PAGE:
More bureaucracy will be needed to replace all the cards which are lost or damaged. Will people be criminalised for not having a card while they are waiting for the new one? Or issued with a temporary, like a car tax disc? Guess who will for the bill for all this unnecessary bureaucracy?

 These cards will introduce another opportunity for police and Government officials to harass ethnic minorities.

 The Serious Organised Crime and Police Bill  will set up the Serious Organised Crime Agency (Soca) with new powers of arrest.

 One of its main targets will be the animal rights movement. There will be a new offence of incitement to religious hatred.

 It will create a new system of plea bargaining, as used in the US, where suspects are encouraged to plead guilty to get a more lenient sentence. Often those who are innocent are pressured to plead guilty in order to avert the prospect of a very long sentence.

 The draft Counter-Terrorism Bill will revamp the 2000 Terrorism Act and the Anti-Terrorism, Crime and Security Act of 2001 under which foreign nationals suspected of terrorism can be held indefinitely without charge or trial.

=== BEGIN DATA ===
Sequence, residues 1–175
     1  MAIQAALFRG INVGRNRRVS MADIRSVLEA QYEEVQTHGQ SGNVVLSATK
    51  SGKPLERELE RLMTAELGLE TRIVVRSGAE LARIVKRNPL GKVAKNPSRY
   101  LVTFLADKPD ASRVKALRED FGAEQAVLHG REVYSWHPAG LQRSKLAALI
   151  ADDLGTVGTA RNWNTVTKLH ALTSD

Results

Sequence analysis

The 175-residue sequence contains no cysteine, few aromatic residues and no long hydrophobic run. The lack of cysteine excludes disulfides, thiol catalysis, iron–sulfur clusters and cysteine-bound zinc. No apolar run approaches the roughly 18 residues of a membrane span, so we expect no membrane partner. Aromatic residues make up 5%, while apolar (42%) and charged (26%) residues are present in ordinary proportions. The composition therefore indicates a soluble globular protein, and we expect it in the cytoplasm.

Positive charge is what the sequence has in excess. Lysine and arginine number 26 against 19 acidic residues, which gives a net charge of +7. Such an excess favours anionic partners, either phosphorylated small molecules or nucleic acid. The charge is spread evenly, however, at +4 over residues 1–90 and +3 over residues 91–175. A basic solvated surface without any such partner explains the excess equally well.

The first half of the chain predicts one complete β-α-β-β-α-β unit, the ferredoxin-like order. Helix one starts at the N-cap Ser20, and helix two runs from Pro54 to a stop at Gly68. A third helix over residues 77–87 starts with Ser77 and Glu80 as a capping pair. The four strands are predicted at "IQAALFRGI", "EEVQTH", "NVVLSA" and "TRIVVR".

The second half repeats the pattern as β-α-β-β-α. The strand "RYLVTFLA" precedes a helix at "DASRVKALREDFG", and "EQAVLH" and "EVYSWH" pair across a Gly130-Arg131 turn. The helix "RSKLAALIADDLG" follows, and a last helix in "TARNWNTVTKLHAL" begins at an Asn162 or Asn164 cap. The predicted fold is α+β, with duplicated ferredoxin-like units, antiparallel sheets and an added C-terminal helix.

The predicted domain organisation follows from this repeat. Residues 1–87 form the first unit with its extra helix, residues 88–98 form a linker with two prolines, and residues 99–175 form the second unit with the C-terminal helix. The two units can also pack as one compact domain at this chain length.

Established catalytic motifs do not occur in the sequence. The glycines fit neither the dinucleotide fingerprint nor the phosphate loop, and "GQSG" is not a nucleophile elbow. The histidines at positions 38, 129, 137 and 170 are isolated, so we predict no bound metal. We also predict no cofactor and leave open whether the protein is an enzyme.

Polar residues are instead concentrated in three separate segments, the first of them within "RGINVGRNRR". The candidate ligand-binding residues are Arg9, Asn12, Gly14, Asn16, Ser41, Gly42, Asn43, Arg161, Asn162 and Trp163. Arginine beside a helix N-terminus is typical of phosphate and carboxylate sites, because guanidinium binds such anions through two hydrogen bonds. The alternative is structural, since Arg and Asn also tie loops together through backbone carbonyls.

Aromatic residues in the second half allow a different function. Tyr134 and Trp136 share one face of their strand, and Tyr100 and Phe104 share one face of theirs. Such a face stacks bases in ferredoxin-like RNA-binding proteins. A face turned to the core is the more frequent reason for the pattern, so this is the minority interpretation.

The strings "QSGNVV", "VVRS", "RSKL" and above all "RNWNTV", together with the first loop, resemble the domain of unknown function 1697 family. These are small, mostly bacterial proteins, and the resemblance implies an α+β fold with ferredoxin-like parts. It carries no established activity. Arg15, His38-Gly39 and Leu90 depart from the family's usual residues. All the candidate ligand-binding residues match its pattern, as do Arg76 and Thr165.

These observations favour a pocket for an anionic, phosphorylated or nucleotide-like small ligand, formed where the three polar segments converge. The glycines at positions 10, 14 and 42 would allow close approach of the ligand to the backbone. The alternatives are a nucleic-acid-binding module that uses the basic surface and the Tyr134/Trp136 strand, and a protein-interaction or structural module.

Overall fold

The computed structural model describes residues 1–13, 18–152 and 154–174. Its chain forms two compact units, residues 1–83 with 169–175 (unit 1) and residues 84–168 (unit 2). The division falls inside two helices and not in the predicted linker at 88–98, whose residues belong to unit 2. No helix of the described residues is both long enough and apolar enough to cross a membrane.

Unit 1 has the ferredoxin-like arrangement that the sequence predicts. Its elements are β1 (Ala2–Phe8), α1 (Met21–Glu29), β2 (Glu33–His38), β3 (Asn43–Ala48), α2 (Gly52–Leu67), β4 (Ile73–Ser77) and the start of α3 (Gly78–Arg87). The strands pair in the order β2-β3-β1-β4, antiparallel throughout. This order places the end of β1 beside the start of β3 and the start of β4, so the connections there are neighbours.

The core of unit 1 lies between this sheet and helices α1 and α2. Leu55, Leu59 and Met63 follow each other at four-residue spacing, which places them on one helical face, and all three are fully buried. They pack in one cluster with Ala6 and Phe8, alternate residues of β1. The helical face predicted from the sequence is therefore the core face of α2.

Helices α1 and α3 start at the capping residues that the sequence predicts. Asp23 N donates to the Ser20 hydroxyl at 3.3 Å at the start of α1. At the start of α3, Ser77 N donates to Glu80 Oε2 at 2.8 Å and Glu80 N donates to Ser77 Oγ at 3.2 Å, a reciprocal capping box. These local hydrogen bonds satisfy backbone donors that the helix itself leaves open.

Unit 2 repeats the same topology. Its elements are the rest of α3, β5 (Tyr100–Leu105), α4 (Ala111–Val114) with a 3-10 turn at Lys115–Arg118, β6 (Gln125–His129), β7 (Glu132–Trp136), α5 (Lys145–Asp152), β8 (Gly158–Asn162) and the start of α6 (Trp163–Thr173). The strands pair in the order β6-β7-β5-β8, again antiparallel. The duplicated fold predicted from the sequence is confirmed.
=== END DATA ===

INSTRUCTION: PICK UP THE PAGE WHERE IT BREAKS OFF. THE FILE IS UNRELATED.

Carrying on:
This cannot be published in full until after the Law Lords make a ruling on the legality of the 2001 Act.
without juries

Blunkett has indicated that it will include trials without juries – like the notorious Diplock courts in the occupied north of Ireland. It will also make phone tap evidence allowable in court and introduce a new offence of “acts preparatory to terrorism”. This will include things like fundraising.

 Without a jury, it will be easy to convict people who have given or expressed support for banned organisations, regardless of whether the support was intended for terrorist or armed struggle purposes. It is the sort of law that would have outlawed the Anti-Apartheid movement in the 60s and 70s while the ANC was engaged in armed struggle.

 The Management of Offenders Bill will merge the prison and probation services and extend the use of electronic tagging. It will also extend privatisation within this new service. But it will reintroduce an element of linking fines to the ability to pay.